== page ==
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It's Official, Bhindranwale Is Dead
By RAJESH DEOL
The following report fails to clarify that Damdami Taksal's current chief, Harnam Singh Dhumma, only recently assumed leadership upon the death in late 2004 of Thakur Singh, who was acting chief since Jarnail Singh Bhindranwale's death during Operation Bluestar in early June 1984.
Deccan Herald, Chandigarh, May 27, 2005
Photo: Jarnail Singh Bhindranwale at the Darbar Sahib (Golden Temple, Amritsar, Punjab) with his entourage
The Sikh seminary has finally put the lid on rumours that the militant leader was alive.
Sikh seminary Damdami Taksal which has assiduously endeavoured to keep alive the legacy of Jarnail Singh Bhindranwale - the dreaded militant ideologue who inspired a wave of militancy in Punjab in the 1980s - has finally declared him a martyr.
Though Bhindranwale was killed in the 1984 Army operation in the Golden Temple, where he and his loyalist band of heavily-armed cohorts had taken shelter, the Damdami Taksal which Bhindranwale headed maintained the myth that he was alive and would return one day.
However, the Taksal itself ended on Wednesday the controversy which it stretched for nearly 21 years by electing its 'acting chief' Baba Harnam Singh Dhumma as its 15th full-fledged head. He has been an acting chief so far in consonance with the Taksal's belief that Bhindranwale, its 14th head, would return one day to assume charge.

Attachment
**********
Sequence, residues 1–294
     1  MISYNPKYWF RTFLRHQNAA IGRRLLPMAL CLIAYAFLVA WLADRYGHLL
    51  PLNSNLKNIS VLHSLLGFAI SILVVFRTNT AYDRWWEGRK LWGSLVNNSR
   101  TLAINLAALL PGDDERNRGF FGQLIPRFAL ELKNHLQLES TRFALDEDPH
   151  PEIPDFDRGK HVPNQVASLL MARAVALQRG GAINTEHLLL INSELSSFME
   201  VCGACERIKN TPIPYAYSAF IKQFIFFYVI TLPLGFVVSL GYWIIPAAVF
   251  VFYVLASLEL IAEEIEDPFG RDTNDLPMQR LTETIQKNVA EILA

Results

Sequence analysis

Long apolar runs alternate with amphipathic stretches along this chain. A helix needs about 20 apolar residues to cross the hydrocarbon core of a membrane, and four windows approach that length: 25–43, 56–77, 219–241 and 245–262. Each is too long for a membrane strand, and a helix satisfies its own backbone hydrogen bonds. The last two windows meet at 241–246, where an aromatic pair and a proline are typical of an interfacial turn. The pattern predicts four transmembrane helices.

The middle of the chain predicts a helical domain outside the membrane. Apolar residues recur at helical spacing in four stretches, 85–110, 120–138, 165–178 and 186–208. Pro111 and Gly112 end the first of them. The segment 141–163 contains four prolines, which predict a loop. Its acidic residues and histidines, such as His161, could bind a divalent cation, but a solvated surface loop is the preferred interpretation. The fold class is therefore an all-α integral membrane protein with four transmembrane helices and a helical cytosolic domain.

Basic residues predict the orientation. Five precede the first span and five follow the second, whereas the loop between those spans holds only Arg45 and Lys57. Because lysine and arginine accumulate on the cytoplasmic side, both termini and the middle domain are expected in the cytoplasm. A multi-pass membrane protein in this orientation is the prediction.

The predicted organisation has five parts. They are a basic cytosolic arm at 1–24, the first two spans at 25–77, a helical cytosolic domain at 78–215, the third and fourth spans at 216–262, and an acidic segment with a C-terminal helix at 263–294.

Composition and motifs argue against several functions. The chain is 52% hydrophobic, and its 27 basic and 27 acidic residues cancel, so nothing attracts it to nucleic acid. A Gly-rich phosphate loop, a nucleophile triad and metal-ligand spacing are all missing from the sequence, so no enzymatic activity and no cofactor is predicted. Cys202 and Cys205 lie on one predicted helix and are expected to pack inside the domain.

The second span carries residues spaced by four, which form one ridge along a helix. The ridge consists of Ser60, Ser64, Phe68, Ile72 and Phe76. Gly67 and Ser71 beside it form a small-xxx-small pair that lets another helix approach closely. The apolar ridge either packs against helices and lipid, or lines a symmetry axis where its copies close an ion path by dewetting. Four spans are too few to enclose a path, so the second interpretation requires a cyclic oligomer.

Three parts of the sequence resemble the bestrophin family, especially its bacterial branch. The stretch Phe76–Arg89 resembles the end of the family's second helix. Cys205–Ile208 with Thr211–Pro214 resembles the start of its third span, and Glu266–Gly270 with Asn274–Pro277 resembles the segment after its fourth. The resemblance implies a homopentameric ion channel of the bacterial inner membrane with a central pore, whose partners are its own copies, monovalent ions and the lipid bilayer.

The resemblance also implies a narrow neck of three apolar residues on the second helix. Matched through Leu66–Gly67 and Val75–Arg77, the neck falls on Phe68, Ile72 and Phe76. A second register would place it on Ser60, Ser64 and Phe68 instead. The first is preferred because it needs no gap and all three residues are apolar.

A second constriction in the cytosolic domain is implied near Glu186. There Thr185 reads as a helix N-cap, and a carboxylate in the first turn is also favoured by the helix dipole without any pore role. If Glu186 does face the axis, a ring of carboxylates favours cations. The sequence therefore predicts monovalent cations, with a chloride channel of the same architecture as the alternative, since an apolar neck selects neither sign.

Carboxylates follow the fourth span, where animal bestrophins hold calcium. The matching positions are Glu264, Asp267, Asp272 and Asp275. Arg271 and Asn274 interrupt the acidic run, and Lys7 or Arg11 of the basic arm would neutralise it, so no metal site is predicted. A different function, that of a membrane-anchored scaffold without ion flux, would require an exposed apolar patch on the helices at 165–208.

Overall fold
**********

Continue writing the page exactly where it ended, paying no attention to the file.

Bhindranwale's widow Pritam Kaur and younger son Inderjit Singh were among those who participated in the ceremony to formally install Dhumma.
Myth of Bhindranwale
The body of Bhindranwale, who led the militants' resistance against the Army action in the Golden Temple in an operation code-named Operation Bluestar, had been identified by his brother Harcharan Singh Rode on June 6, 1984. However, some people perpetuated the myth that he was alive, which was extended by the Taksal. In fact, the Taksal used to hold a congregation every year to pray for his long life.
Two years ago, the Akal Takht jathedar, supreme temporal seat for the Sikhs, had declared Bhindranwale as a 'martyr' in the presence of the latter's elder son Ishar Singh. However, the Taksal authorities had refused to accept his death.
While the operation [Bluestar] was successful, the Sikh sentiments were grievously hurt as they saw enormous damage to their holiest shrine.